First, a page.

Calm vatnet

We remembered our adventurous but miserable first days out on the track and praised the DNY hut system like a biased parent or lover! It was all going to work out OK this walking in the wilderness lark. We'd came with an open mind and would leave with it full of experience, memories and aspirations. Paul wanted to come back in winter and we tried to picture how very different and hostile this place would be. There was no way we had the skills to tackle something like that but we never say never any more and we promised to look at winter skills courses and weigh up the possibilities over a beer in due course.

Base layer time


Anyways, we quickly blocked the thought of sipping on an ice cold beer and concentrated instead on lunch. I attempted to record some audio of us reviewing some gear and talking about our experiences thus far but we quickly found this to a painful and unwarranted assault on a potential listener. Delete.

Lunch panorama


We were climbing up gradually now and we agreed that a bite to eat would be our reward for reaching the high-point and with any luck we'd be able to see the glacier whilst we ate. This prophecy came true and we were soon boiling water next to the clearest, coldest mountain tarn we'd seen - at least since the last one! It was couscous and chorizo for me whilst Paul lived another dream with a Fuizion meal and didn't he let me know it! There were groans and sighs of enjoyment which I easily ignored by talking over them and giving the impression I hadn't heard them over all of the other noises like the……..er……noises - all of the wild noises!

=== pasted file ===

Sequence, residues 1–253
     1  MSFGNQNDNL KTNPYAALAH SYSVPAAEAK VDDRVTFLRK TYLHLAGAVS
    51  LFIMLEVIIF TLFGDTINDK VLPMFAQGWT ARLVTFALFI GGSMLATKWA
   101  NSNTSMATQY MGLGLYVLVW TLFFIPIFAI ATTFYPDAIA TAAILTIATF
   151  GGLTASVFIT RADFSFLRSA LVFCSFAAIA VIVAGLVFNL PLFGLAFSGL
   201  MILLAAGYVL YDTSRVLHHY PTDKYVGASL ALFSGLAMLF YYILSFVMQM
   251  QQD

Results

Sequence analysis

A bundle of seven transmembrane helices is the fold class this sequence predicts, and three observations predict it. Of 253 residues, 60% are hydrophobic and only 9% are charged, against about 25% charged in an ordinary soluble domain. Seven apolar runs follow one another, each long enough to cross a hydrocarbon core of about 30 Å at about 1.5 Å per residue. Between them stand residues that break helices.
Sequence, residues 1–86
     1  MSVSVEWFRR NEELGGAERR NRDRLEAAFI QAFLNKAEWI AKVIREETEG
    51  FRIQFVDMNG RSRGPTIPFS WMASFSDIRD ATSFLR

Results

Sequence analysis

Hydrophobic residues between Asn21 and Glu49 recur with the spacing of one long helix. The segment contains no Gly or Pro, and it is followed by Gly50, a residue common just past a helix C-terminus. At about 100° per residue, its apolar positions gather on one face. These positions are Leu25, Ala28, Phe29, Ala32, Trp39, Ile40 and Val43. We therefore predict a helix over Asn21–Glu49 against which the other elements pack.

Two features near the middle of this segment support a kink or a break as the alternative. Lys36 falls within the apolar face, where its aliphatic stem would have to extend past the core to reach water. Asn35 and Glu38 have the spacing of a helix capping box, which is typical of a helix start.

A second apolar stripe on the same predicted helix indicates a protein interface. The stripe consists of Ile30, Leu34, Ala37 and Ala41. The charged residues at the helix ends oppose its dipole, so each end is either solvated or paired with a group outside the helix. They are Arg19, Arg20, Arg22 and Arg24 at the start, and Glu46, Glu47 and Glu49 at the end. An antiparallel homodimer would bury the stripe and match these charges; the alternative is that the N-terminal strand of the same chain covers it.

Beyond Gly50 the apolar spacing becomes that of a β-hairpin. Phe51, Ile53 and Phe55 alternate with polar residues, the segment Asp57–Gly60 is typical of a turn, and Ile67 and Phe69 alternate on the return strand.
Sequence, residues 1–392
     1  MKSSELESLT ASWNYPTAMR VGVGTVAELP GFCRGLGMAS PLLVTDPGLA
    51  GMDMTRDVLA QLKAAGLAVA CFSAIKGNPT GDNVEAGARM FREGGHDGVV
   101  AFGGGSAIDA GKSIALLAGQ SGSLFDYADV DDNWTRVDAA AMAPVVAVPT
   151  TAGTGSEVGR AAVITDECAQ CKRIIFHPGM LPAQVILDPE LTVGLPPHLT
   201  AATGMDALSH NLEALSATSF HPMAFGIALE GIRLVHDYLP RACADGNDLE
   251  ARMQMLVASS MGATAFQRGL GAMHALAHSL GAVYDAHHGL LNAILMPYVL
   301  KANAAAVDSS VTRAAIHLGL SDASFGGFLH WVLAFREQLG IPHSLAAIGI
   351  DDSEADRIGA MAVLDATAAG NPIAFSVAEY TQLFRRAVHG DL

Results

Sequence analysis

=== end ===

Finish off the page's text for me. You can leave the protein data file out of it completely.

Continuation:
Blue tundra


The reality was it was quiet. It was peaceful, warm (provided we kept out of the breeze) and most of all it was a great vantage point to look out across where we'd been and where we were headed. From here we could see endless crevasses like deep cut wounds on the blue/white glacier. The map showed there was a hut out there somewhere and from here we knew the trip to that hut would be epic. This gave way to the (quite obvious but better avoided) observations that we'd seen nothing of what this small corner of a beautiful country had to offer. There was nothing for it - we'd have to come back and purely in the interests of……..science??

Tarn glacier